Over one hundred times a year, from exhibition thrillers to NBA Finals snooze-fests, the NBA trots out an accident waiting to happen in the form of a litany of camera workers that sit directly under the basket, just a few feet away from players that are often running at full speed while trying to navigate through an NBA game. Collisions between players and camera operators have yet to result in a significant injury, unless Eugene Amos and his lawyer are to be believed, but that doesn’t mean that these sorts of things aren’t just a click away.
With Tony Parker suffering a minor hand injury after hitting a camera in a San Antonio Spurs exhibition on Saturday, Spurs coach Gregg Popovich reminded us of this danger. From Jeff McDonald at Spurs Nation:
“It’s a danger waiting to happen,” Gregg Popovich said.
“It’s kind of like when you’re in your neighborhood. You keep telling people you need a stop sign, and they don’t change it until a kid gets killed and then they put up a stop sign,” Popovich said. “Somebody of stature is going to get seriously hurt by one of those guys, and then all hell will break loose.”
The problem, and we’ve been down this road before, is that the NBA isn’t going to just toss a series of fluffy pillows down in the ground that the camera workers once occupied. No, they’re going to install front and second row seats to sell to the highest bidder. Media members used to sit in a press row directly in back of the camera operators, and now most NBA squads have either eliminated the press row in favor of expensive high end seats, or severely cut down on its real estate. They’d do the same with the deposed camera workers, under the guise of encouraging player safety.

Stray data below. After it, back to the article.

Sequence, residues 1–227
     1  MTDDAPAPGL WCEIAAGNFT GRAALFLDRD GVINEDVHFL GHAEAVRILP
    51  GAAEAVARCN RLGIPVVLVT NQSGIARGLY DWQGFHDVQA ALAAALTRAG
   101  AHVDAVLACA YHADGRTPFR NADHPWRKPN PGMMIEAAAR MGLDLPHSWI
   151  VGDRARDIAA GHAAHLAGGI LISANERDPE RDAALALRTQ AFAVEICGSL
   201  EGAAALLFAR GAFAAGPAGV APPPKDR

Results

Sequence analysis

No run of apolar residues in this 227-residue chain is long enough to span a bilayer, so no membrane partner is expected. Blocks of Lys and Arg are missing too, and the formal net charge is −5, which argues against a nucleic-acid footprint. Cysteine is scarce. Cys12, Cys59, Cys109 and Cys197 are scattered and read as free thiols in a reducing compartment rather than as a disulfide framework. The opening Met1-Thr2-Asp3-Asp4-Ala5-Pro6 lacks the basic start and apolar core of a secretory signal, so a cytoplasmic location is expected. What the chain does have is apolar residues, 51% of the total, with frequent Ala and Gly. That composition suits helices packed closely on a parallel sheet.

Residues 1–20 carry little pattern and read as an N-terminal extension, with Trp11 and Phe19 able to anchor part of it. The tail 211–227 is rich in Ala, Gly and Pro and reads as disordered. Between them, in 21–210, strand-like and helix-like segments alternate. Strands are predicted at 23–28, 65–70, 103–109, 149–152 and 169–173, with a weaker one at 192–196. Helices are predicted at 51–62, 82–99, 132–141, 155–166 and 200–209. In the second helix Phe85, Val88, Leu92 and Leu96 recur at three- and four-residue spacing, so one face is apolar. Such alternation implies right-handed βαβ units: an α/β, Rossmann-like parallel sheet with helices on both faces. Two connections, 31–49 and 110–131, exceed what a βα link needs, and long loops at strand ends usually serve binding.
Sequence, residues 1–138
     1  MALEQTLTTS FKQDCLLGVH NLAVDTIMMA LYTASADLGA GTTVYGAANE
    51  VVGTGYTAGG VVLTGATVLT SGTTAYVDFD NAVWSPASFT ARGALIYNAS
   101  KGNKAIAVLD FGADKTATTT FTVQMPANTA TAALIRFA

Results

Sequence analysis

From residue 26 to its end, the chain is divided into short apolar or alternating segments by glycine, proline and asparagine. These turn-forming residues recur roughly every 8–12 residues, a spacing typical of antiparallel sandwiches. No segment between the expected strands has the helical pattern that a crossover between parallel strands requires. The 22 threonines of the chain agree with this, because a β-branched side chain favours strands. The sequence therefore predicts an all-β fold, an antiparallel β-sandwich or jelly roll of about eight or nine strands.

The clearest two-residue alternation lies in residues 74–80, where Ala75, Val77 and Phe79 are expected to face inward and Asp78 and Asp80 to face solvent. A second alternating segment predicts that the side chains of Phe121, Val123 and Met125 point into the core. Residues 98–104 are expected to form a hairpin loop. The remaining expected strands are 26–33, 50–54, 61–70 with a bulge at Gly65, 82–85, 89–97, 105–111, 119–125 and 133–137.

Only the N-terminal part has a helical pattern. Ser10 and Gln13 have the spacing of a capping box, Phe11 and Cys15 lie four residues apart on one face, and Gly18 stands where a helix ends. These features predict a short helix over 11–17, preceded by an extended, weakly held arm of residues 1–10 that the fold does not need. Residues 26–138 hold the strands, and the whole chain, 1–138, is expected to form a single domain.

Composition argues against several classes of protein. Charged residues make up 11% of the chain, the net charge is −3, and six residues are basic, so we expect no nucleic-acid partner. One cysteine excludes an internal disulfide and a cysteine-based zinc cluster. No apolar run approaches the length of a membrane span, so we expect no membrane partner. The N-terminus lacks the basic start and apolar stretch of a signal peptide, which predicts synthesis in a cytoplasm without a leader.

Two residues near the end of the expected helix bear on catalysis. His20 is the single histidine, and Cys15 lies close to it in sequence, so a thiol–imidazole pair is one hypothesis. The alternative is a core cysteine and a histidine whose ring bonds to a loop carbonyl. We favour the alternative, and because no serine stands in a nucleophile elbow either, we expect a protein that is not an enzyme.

In this likely scenario, better the object of derision and collision be a camera person who is paying attention to every bit of the game than some corporate stand-in on a gifted ticket, staring down at his or her smartphone.
All it takes is one bad twitch of a landing, a tweak gone the wrong way that could take place even as a player slowly walks back toward the court on his way out of the tangle, for an Achilles tear or knee ligament sprain or worse to take place. It doesn’t have to be a sonic boom-styled collision for something bad to happen.
With that in place, the NBA isn’t going to waste that prime real estate by putting anything safer up there. It’s just an ongoing frustration that teams are going to have to live with.
In the meantime, fans, enjoy all the great photos and video clips the NBA’s media provides for you. Better pictures than some doofus with a smartphone could take.
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